International Journal of Current Microbiology and Applied Sciences (IJCMAS)
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National Academy of Agricultural Sciences (NAAS)
NAAS Score: *5.38 (2019)
[Effective from January 1, 2019]
For more details click here

ICV 2018: 95.39
Index Copernicus ICI Journals Master List 2017 - IJCMAS--ICV 2018: 95.39
For more details click here

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PRINT ISSN : 2319-7692
Online ISSN : 2319-7706
Issues : 12 per year
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Index Copernicus ICV 2018: 95.39
NAAS RATING 2020: 5.38

Int.J.Curr.Microbiol.App.Sci.2020.9(4): 3006-3025

Energy Self-sufficient Farmstead: Design Analysis
D. S. Khatawkar1*, P. S. James2 and D. Dhalin3
1Department of Farm Machinery and Power Engineering, Kerala Agricultural University, Thrissur – 679 573, India
2Agricultural Research Station, Mannuthy, Kerala Agricultural University, Thrissur – 681 651, India
3Department of Agricultural Engineering, College of Agriculture, Vellayani – 695 522, India
*Corresponding author

In developing countries (Asia and Africa), especially in rural areas, 2.5 billion people rely on biomass, such as fuelwood, charcoal, agricultural wastes and animal dung, to meet their energy needs for cooking and other household use (Kibria, 2015). These resources (biomass) account for over 90% of household energy consumption. About 77% and 61% of population use solid fuels (wood, charcoal) for cooking in Africa and Asia respectively. Use of biomass for energy (to cook meals and other purposes), expose rural people and their families to hazards of smoke and fumes. About 1.3 million people all over globe, mostly women and children, die prematurely every year because of exposure to indoor air pollution from biomass. These threats can only be overcome by producing energy and food in a sustainable way that creates less waste and pollution. Sustainable energy includes renewable energy sources, such as solar energy, wind energy, biogas, hydroelectricity, geothermal energy, bioenergy, tidal power (OECD-IEA, 2006). The concept of energy self-sufficient farmstead incorporates various aspects of renewable energy utilization viz. biomass conversion techniques, solar energy (photovoltaic and thermal), wind power and effective management system for the household effluents and crop residues to meet the entire energy demand throughout the year. In order to reduce environmental pollution and related health hazards, the conventional practices like fuelwood burning for household use and burning crop residues in field need to be replaced by the efficient techniques such as biogas production, biodiesel production, biomass gasification and wood to charcoal conversion (IRENA, 2015).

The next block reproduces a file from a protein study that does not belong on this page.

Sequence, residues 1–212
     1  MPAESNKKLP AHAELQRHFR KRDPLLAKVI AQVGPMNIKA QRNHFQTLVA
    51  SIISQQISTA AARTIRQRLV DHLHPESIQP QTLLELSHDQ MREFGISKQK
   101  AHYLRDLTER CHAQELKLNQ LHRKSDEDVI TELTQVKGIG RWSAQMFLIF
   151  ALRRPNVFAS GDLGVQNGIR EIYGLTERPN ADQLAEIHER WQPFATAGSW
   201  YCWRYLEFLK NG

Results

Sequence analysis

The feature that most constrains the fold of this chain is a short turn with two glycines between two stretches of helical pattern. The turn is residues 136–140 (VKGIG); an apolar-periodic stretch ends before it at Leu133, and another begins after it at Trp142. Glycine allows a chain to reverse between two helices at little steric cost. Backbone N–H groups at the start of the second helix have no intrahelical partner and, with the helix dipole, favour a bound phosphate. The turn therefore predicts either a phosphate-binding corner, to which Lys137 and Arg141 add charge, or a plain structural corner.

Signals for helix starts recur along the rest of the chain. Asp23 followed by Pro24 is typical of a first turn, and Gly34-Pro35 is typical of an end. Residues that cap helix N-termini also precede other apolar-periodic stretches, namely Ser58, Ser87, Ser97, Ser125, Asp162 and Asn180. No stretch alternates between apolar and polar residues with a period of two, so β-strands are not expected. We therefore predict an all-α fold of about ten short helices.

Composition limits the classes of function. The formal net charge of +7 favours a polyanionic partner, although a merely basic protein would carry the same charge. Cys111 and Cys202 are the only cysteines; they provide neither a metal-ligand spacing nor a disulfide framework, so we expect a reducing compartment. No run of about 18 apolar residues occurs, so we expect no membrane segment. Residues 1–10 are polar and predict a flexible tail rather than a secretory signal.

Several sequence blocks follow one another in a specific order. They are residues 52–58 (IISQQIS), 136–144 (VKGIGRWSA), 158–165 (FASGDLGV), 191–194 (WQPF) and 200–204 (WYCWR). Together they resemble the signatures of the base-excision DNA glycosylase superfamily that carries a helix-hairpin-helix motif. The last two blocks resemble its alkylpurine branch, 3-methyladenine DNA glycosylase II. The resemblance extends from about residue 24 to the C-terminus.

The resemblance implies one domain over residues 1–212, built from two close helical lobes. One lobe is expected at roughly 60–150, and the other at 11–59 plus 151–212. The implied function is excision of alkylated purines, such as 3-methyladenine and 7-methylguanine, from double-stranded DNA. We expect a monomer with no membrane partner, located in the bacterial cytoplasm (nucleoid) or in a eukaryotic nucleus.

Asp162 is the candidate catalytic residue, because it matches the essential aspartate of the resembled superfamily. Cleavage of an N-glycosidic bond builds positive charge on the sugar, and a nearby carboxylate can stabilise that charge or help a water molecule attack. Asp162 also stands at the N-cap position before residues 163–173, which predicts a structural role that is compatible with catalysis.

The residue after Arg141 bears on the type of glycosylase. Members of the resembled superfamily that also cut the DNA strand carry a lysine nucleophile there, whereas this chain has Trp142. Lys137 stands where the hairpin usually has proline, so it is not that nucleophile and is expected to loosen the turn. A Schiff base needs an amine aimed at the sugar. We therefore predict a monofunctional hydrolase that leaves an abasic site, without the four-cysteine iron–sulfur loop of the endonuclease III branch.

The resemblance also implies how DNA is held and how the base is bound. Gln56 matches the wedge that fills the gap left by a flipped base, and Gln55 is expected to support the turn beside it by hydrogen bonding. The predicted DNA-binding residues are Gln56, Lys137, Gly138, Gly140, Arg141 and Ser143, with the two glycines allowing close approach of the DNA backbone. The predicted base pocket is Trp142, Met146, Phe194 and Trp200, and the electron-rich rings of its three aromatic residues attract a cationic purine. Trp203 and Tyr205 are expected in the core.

Keywords: Energy self-sufficiency, Renewable energy, Farmstead, Biomass
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How to cite this article:

Khatawkar, D. S., P. S. James and Dhalin, D. 2020. Energy Self-sufficient Farmstead: Design Analysis.Int.J.Curr.Microbiol.App.Sci. 9(4): 3006-3025. doi: